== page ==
THE PURPLE DECADES-A READER

Not too many readers would agree with Joe David Bellamy (who provides the introduction here) that Tom Wolfe's New Journalism offers "the definitive, comprehensive, tuned-in portrait of our age." In fact, a reprint collection like this—with Wolfe's hyped-up style and waspish tone changing so little from subculture to subculture, from decade to decade—tends to suggest that the New Journalism offers more insight into the new journalists than it does into their supposed subject-matters. Still, there can be little argument with Bellamy's assertion that the major Wolfe contribution to cultural self-awareness has been "his emphasis on the hidden and sometimes peculiar manifestations of status-seeking in American life." And, for those eager to sample or re-sample Wolfe's satires, there's a fair sampling here: six pieces from The Kandy-Kolored Tangerine-Flake Streamlined Baby (1965), with stock-car racing, Greenwich Village, and Baby Jane Holzer; a trio from The Pump House Gang (1968), including the well-known portrait of the social-climbing Sculls; Radical Chic, of course; "the Me Decade" (est, etc.); and briefer selections from recent books. Best on fads, weaker when matters of substance intrude: a representative Wolfe parade—and a feast for nostalgic trend-watchers.

Pub Date: Oct. 1, 1982

ISBN: 0425103455

Page Count: 420

Publisher: Farrar, Straus and Giroux

Review Posted Online: Oct. 13, 2011

Kirkus Reviews Issue: Oct. 1, 1982

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Stricter than, say, Bergen Evans or W3 ("disinterested" means impartial — period), Strunk is in the last analysis...

THE ELEMENTS OF STYLE

50TH ANNIVERSARY EDITION

Privately published by Strunk of Cornell in 1918 and revised by his student E. B. White in 1959, that "little book" is back again with more White updatings.

Stricter than, say, Bergen Evans or W3 ("disinterested" means impartial — period), Strunk is in the last analysis (whoops — "A bankrupt expression") a unique guide (which means "without like or equal").

Pub Date: May 15, 1972

ISBN: 0205632645

Page Count: 105

Publisher: Macmillan

Review Posted Online: Oct. 28, 2011

Kirkus Reviews Issue: May 1, 1972

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DEAR MR. HENSHAW

Possibly inspired by the letters Cleary has received as a children's author, this begins with second-grader Leigh Botts' misspelled fan letter to Mr. Henshaw, whose fictitious book itself derives from the old take-off title Forty Ways W. Amuse a Dog. Soon Leigh is in sixth grade and bombarding his still-favorite author with a list of questions to be answered and returned by "next Friday," the day his author report is due. Leigh is disgruntled when Mr. Henshaw's answer comes late, and accompanied by a set of questions for Leigh to answer. He threatens not to, but as "Mom keeps nagging me about your dumb old questions" he finally gets the job done—and through his answers Mr. Henshaw and readers learn that Leigh considers himself "the mediumest boy in school," that his parents have split up, and that he dreams of his truck-driver dad driving him to school "hauling a forty-foot reefer, which would make his outfit add up to eighteen wheels altogether. . . . I guess I wouldn't seem so medium then." Soon Mr. Henshaw recommends keeping a diary (at least partly to get Leigh off his own back) and so the real letters to Mr. Henshaw taper off, with "pretend," unmailed letters (the diary) taking over. . . until Leigh can write "I don't have to pretend to write to Mr. Henshaw anymore. I have learned to say what I think on a piece of paper." Meanwhile Mr. Henshaw offers writing tips, and Leigh, struggling with a story for a school contest, concludes "I think you're right. Maybe I am not ready to write a story." Instead he writes a "true story" about a truck haul with his father in Leigh's real past, and this wins praise from "a real live author" Leigh meets through the school program. Mr. Henshaw has also advised that "a character in a story should solve a problem or change in some way," a standard juvenile-fiction dictum which Cleary herself applies modestly by having Leigh solve his disappearing lunch problem with a burglar-alarmed lunch box—and, more seriously, come to recognize and accept that his father can't be counted on. All of this, in Leigh's simple words, is capably and unobtrusively structured as well as valid and realistic. From the writing tips to the divorced-kid blues, however, it tends to substitute prevailing wisdom for the little jolts of recognition that made the Ramona books so rewarding.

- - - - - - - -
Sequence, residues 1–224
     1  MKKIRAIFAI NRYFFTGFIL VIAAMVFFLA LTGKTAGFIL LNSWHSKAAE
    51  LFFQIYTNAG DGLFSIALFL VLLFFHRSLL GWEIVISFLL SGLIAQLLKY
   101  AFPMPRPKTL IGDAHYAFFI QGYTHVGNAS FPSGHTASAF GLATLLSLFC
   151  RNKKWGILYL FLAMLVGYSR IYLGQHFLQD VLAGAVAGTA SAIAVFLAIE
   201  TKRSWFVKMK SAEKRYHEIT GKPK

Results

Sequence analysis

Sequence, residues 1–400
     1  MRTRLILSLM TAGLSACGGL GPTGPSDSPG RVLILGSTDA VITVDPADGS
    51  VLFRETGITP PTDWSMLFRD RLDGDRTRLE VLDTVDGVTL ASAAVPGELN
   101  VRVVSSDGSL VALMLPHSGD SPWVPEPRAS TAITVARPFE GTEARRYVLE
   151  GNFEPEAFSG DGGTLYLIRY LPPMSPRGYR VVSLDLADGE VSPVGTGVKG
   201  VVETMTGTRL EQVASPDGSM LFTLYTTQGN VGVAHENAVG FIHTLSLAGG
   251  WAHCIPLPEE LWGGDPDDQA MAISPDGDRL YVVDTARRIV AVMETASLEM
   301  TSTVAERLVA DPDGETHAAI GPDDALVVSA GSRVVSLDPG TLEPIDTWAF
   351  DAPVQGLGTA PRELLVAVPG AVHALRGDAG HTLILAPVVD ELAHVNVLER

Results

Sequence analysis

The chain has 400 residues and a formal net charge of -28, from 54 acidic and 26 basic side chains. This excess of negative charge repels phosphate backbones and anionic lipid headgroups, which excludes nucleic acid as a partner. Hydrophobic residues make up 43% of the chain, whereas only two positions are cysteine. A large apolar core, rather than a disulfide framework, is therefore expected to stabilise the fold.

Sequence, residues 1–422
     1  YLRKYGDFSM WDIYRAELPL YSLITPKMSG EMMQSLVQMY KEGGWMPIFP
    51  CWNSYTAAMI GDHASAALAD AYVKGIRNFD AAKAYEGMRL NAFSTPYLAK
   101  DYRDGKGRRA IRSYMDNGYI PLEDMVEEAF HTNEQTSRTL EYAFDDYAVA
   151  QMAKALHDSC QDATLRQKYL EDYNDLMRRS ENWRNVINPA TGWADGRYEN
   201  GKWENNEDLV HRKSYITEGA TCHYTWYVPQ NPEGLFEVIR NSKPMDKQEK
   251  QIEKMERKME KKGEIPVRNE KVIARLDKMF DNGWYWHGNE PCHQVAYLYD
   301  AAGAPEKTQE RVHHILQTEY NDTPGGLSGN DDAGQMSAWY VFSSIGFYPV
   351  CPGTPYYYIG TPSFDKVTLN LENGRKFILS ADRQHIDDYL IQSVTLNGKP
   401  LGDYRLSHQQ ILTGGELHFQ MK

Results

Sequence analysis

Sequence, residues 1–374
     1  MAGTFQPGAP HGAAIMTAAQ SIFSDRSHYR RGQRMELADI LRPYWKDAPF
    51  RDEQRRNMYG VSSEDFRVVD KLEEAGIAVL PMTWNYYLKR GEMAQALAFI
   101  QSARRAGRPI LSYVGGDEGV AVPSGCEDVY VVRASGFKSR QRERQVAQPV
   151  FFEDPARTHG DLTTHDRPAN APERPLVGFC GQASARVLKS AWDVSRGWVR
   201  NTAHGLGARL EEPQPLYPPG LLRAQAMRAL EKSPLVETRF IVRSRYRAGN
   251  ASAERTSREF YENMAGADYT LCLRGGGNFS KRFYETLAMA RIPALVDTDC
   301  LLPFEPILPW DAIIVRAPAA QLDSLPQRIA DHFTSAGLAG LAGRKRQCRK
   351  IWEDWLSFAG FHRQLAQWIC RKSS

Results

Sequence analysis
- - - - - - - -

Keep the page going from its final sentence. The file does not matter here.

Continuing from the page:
Pub Date: Aug. 22, 1983

ISBN: 143511096X

Page Count: 133

Publisher: Morrow/HarperCollins

Review Posted Online: Oct. 16, 2011

Kirkus Reviews Issue: Aug. 1, 1983

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